The Hanshin Railway Company owns and operates the Hanshin Tigers. Representing Osaka in that city’s rivalry with Tokyo, the Tigers have been the Kansai region’s counterpoint to Tokyo’s Yomiuri Giants since both teams started playing in 1936.
But as with politics, economics and culture, Tokyo usually prevails at the ballpark. While Hanshin has compiled the Central League’s second-best franchise record, they are a distant second from the Giants in numbers of pennants and Japan Series championships won.
Waiting impatiently for nearly five decades, when Hanshin finally won their first Japan Series, Osaka residents went berserk. Some Tigers fans shaved the team’s logo on their scalps or dived into polluted canals while others were accused of hijacking a train.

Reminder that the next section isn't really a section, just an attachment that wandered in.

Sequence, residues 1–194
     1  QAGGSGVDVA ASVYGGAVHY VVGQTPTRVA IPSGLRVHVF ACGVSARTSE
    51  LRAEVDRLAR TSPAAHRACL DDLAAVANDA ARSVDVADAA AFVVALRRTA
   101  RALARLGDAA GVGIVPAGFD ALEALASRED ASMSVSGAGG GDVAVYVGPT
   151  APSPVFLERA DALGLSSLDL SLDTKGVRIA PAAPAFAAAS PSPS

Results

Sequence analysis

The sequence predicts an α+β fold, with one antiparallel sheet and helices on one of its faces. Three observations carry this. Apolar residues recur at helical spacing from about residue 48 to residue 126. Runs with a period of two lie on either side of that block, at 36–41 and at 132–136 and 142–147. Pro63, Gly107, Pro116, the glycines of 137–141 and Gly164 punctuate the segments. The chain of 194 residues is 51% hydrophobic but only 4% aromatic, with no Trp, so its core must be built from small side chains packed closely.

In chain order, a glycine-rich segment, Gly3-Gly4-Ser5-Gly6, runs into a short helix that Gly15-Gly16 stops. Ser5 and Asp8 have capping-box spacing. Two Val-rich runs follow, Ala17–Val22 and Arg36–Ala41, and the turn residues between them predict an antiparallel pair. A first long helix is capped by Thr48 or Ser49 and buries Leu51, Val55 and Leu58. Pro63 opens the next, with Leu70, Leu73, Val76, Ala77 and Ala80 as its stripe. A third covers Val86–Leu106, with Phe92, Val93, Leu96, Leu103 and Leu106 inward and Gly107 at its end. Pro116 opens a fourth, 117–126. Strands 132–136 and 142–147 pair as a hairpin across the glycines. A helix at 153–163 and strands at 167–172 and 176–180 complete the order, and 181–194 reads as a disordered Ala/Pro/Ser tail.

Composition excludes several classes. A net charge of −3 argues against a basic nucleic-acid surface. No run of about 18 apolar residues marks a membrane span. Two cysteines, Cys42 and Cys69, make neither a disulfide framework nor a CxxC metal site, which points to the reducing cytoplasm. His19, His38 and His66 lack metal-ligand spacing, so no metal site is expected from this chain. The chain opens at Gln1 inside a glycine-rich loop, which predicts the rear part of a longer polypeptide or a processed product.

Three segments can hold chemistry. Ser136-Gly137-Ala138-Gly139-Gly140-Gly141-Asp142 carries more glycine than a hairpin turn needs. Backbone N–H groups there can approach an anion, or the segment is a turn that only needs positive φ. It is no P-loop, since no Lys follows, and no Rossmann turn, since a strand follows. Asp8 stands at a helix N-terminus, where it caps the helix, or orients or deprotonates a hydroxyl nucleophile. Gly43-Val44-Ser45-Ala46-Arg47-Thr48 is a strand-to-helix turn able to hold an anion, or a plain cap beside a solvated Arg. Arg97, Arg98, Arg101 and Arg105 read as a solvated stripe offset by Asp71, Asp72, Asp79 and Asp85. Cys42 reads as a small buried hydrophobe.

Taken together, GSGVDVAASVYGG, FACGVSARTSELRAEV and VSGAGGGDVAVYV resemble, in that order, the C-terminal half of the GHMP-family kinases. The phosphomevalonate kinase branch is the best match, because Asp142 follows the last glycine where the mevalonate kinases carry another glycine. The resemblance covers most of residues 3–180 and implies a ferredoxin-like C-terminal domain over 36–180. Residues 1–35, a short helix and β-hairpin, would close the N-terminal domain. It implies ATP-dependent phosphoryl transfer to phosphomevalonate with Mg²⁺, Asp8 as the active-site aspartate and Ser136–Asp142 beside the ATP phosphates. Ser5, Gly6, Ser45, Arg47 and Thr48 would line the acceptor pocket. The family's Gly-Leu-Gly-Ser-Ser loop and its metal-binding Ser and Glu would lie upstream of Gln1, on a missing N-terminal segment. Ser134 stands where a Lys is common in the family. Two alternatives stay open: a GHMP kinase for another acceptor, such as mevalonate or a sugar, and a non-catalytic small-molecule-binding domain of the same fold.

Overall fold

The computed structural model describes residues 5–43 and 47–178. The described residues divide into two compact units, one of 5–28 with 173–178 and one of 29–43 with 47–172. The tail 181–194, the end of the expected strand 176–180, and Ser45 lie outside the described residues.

In less successful times, Hanshin fans have been known to confront and assault opposing players outside the ballpark while hurling batteries and pachinko balls inside.
Seating 55,000 fans, Koshien Stadium is also the site of the summer high school baseball tournament every August. Built in 1924, the aging concrete and steel ballpark features natural grass, an all-dirt infield and visible bullpens. Though a must-see for its history as much as its ivy-covered exterior, Koshien’s large foul territory, high chain-link fences and scores of posts hamper visibility.
Still, no other Japanese park may offer as much old-fashioned baseball atmosphere. And no matter how destined for disappointment, few Japanese fans show as much enthusiasm as those wearing yellow and black happi coats at Koshien Stadium.
Acknowledgment: Dan Latham